Also read: How is the poll year shaping up for India, the U.S.? | Explained 

India’s election season will kick in by March, and subsequently, the U.S. campaign season will be in full swing. Furthermore, if the U.S. race is won by Mr. Biden’s likely rival former President Donald Trump, India and the world will prepare for a return to very choppy waters in ties. China doesn’t hold general elections, but its next geopolitical move could be decided by Taiwan’s general election on January 13, amidst a threat from Beijing that it seeks to “reunify” Taiwan with the mainland, and any imprint on the electoral outcome could lead to major tensions with global ramifications.

Russian presidential election, expected to hand President Vladimir Putin a fifth term, is due from March 15-17, and Mr. Putin’s confidence over the outcome was evident as he met External Affairs Minister S. Jaishankar in Moscow last week, and invited PM Modi to visit Russia. He made the point that Russia would remain friendly to anyone who wins in India. “We wish success to our friends in India. We believe we will maintain our traditional friendly ties in any alignment of political forces,” Mr. Putin told Mr. Jaishankar, according to a transcript of his remarks issued by the Kremlin.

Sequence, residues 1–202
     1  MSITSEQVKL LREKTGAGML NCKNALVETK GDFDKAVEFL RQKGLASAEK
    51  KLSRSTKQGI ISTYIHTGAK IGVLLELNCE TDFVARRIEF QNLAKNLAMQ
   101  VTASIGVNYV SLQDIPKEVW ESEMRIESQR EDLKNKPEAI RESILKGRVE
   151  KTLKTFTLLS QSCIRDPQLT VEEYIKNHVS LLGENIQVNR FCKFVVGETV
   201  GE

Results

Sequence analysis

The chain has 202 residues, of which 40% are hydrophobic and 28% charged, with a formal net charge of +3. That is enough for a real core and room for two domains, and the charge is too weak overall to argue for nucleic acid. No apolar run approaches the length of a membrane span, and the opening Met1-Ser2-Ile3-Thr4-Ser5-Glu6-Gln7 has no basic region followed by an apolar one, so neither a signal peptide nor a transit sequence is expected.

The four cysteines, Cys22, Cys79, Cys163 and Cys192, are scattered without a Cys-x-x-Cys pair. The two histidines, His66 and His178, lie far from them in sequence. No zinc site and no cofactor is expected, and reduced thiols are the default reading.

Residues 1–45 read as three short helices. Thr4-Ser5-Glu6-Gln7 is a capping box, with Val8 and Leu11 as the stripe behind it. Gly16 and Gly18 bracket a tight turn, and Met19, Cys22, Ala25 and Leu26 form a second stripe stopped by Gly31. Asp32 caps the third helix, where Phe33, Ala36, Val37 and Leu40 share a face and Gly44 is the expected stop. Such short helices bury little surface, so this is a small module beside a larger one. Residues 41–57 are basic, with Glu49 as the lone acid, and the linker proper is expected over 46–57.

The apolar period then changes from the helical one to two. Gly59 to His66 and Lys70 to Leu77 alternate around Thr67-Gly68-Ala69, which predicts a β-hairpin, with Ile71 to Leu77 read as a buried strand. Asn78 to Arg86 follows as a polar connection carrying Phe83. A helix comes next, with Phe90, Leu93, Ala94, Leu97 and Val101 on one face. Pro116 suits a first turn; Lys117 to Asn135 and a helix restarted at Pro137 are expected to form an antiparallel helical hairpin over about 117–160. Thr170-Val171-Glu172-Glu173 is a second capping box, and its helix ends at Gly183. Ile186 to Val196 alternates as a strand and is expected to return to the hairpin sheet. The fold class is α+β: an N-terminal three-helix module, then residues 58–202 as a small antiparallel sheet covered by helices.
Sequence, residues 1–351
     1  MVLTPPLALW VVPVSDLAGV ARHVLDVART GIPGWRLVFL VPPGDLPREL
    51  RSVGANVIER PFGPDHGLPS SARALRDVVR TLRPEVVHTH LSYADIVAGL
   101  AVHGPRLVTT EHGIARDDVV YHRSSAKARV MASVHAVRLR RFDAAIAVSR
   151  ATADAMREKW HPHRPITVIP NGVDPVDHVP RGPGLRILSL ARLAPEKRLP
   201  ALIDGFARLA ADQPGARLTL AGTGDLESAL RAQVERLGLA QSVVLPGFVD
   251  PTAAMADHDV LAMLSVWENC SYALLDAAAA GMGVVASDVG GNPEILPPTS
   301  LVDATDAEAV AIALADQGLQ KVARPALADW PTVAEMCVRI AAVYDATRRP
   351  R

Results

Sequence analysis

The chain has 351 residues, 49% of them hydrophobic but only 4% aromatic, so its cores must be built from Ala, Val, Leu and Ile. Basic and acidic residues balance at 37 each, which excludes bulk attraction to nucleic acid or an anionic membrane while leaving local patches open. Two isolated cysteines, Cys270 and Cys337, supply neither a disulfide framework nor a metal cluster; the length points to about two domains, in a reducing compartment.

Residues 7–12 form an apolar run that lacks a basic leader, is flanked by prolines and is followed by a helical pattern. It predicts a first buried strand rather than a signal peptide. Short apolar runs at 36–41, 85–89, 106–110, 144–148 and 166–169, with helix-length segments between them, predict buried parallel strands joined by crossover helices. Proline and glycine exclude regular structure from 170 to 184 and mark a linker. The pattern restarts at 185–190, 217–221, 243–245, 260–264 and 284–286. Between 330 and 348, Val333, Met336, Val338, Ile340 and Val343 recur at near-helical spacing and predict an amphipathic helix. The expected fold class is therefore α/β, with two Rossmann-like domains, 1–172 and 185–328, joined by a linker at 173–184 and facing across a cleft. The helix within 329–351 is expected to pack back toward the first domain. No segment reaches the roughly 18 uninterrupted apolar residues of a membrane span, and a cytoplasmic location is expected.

With the U.K., where the Parliament is set to be dissolved on or before December 19 next year, New Delhi will be watching most closely for an opportunity to seal the Free Trade Agreement under discussion with PM Rishi Sunak’s Conservative Party government. However, the government would also need to reach out to the Opposition, especially given Labour Party’s current lead in polls, so as to ensure that the FTA is not reversed by a new government post election.